TOPSHOT - Australia's captain Aaron Finch looks on in the field during the 2019 Cricket World Cup second semi-final between England and Australia at Edgbaston in Birmingham, central England, on July 11, 2019. (Photo by Dibyangshu Sarkar / AFP) / RESTRICTED TO EDITORIAL USE (Photo credit should read DIBYANGSHU SARKAR/AFP/Getty Images)

"Will you let it overwhelm you or will you rise?"

Familiar questions might have hardly escaped Aaron Finch's mind since the events of Cape Town over four years ago. Not that Finch was in the thick of that saga, but the ripple effect was going to be obvious.

Finch was one of the most experienced members of the side and had a calm head on his shoulders; hence, a leadership role was likely not a choice.

Finch seemed the most plausible candidate to take over after Australia ended the first assignment under new coach Justin Langer winless, thrashed by England in six white-ball games. The sandpaper gate meant Australia had lost its spark, making Finch's task tougher than it already was. The turnaround wasn't instant as fans had to prepare themselves for a long haul.

With David Warner banned, Finch wore whites for the first time at the highest level in October 2018 in the UAE. Under alien conditions for Australia, he fared better than expected, scoring almost a half-century in both innings.

However, it wasn't to be for long as India's relentless bowling attack exposed his technique that home summer. Finch played the last of his five Tests at the iconic MCG and declared his unavailability in August 2020 to the format moving forward.

If that wasn't enough, Finch was enduring a torrid time in white-ball cricket and needed a quick turnaround with the World Cup in England lurking. But he seemed done and it looked like Australia would have yet another new captain to defend their World Cup crown in 2019.

The question Finch might have asked himself is, "Will you let it overwhelm you or will you rise?" And he did rise like a phoenix just in time for the World Cup.

As captain, Finch kickstarted Australia's dream of retaining their coveted crown for the third time. Australia failed to defend their crown, but taking them to the semi-finals was no small thing for Finch, under whom the five-time champions were no World Cup invincibles of the yesteryears. Moreover, the captain had overcome his struggles with the willow to finish as Australia's second-highest run-getter of the tournament.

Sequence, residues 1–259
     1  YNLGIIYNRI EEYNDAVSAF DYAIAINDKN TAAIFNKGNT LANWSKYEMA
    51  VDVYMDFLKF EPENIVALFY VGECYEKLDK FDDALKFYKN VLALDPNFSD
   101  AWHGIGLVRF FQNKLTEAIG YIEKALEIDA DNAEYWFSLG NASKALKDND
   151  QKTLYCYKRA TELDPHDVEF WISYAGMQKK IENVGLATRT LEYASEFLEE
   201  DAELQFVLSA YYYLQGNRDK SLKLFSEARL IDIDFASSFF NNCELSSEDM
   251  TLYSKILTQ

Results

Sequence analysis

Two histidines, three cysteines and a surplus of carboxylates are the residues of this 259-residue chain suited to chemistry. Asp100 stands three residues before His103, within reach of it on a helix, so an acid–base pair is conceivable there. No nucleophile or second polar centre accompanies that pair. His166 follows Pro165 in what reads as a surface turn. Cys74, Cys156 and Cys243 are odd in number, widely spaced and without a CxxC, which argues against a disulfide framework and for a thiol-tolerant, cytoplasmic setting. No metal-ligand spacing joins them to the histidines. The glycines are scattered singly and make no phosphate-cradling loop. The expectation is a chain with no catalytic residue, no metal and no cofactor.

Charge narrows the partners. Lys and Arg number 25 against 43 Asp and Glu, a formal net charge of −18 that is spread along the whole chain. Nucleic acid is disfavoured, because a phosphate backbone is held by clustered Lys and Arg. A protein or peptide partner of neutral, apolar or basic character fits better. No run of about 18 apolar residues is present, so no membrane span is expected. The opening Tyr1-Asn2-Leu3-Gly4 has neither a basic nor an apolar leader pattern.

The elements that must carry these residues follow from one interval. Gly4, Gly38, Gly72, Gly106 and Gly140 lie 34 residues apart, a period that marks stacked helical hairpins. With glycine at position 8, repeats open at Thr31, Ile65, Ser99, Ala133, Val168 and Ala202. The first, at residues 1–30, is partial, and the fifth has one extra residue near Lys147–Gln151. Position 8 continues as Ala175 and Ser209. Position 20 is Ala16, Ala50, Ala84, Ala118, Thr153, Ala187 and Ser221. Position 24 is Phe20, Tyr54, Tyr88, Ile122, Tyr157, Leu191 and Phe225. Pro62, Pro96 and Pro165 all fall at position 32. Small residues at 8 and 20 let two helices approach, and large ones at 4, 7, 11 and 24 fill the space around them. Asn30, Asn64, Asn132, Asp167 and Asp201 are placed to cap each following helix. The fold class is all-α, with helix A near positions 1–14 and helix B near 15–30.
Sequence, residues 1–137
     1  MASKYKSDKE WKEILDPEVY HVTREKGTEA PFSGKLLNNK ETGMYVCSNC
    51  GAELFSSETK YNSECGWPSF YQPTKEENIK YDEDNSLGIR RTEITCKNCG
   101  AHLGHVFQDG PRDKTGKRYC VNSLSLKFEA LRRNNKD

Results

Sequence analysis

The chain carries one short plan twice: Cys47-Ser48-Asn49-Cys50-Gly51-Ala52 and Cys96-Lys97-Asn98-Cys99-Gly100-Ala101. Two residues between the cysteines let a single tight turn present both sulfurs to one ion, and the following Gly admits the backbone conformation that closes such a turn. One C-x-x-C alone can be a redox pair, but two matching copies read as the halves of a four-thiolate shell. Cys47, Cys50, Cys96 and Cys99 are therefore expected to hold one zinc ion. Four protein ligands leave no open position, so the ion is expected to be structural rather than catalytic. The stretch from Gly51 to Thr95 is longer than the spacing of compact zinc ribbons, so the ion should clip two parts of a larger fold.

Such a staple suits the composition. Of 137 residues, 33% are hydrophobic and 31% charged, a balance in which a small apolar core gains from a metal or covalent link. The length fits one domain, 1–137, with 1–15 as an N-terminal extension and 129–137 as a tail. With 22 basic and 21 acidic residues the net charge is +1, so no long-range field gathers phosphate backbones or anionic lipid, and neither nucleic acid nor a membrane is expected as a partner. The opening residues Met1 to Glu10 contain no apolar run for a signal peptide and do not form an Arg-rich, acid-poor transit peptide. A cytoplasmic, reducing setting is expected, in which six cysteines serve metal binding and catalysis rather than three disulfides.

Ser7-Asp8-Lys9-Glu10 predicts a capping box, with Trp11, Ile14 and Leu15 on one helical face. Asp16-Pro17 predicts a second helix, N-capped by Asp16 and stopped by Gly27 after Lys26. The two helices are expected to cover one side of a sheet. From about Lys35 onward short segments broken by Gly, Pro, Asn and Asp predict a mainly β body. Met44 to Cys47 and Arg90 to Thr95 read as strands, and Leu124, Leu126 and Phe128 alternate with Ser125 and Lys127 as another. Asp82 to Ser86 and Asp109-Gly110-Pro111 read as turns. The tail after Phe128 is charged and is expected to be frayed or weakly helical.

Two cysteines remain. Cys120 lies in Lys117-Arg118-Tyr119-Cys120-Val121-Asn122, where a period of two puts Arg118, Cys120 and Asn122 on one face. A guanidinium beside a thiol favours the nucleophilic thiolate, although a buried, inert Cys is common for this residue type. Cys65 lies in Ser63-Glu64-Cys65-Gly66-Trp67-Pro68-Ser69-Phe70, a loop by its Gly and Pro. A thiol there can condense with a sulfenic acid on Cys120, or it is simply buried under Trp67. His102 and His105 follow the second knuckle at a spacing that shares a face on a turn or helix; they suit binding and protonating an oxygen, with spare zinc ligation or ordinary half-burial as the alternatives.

The semi-final clash against England at the home side's fortress, Edgbaston, was a forgettable day for Australia's batters, bar Steve Smith and Alex Carey. But they certainly were a better side than the eight-wicket loss England handed out to them.

Unlike Michael Clarke, who was the apparent successor of Ricky Ponting, Finch wasn't. If Steve Smith, the then captain, were to step down, David Warner was the closest replacement. Hence, with Finch, the transition was far from straightforward. Finch isn't the typical in-your-face captain, but who knows what he could've been in the pre-sandpaper gate era.

Unlike Ponting, Finch didn't possess an unbeatable side with a strong mindset to win from any situation or the swagger 'Punter' did. Finch might not be as stern and tactically astute as Clarke. Yet, he will go down as one of the most important captains of Australia. Despite Australia's vulnerability under him, he deserves to be held in the same breath as the country's best limited-overs captains.

For under Finch, Australia hardly had a prolonged stability; hence, it would be unrealistic for them to continue piling on trophies in their cabinet. And yet, Finch brought sanity to Australian cricket the best he could at a time when it mattered a little more than on-field victories.

Also, it's worth remembering that Finch accomplished what sides under Ponting and Clarke - becoming the first Australian men's team captain to lift the T20 World Cup.

However, the blot that has followed Finch for a long time now is his struggle for runs. He might have played those odd knocks, like the one that came against Ireland in the recent T20 World Cup, but it's increasingly difficult to see him bounce back from this melee.

Nevertheless, Finch has refused to retire at this point from the only international format he is active in and has given himself a little opening for another comeback.

Can he, though? Only time will tell. But amid voices to call time on his career, the question he might be asking himself is, "Will you let it overwhelm you or will you rise?"